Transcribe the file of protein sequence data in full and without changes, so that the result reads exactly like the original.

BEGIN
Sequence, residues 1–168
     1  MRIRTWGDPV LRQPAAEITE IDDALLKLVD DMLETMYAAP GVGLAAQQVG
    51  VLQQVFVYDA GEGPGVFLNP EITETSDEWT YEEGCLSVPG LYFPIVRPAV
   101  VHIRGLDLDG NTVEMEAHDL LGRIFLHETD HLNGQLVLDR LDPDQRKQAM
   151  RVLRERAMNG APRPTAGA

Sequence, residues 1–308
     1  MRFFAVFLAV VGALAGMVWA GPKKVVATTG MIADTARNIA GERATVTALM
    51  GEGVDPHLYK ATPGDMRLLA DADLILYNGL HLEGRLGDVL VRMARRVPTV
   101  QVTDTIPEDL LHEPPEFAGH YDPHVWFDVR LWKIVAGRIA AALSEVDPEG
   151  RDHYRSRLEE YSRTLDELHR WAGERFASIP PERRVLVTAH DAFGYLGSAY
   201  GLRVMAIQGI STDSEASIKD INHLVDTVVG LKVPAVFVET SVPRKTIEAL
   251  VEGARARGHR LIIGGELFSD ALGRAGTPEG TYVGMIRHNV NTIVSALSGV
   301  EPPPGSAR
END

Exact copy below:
Sequence, residues 1–168
     1  MRIRTWGDPV LRQPAAEITE IDDALLKLVD DMLETMYAAP GVGLAAQQVG
    51  VLQQVFVYDA GEGPGVFLNP EITETSDEWT YEEGCLSVPG LYFPIVRPAV
   101  VHIRGLDLDG NTVEMEAHDL LGRIFLHETD HLNGQLVLDR LDPDQRKQAM
   151  RVLRERAMNG APRPTAGA

Sequence, residues 1–308
     1  MRFFAVFLAV VGALAGMVWA GPKKVVATTG MIADTARNIA GERATVTALM
    51  GEGVDPHLYK ATPGDMRLLA DADLILYNGL HLEGRLGDVL VRMARRVPTV
   101  QVTDTIPEDL LHEPPEFAGH YDPHVWFDVR LWKIVAGRIA AALSEVDPEG
   151  RDHYRSRLEE YSRTLDELHR WAGERFASIP PERRVLVTAH DAFGYLGSAY
   201  GLRVMAIQGI STDSEASIKD INHLVDTVVG LKVPAVFVET SVPRKTIEAL
   251  VEGARARGHR LIIGGELFSD ALGRAGTPEG TYVGMIRHNV NTIVSALSGV
   301  EPPPGSAR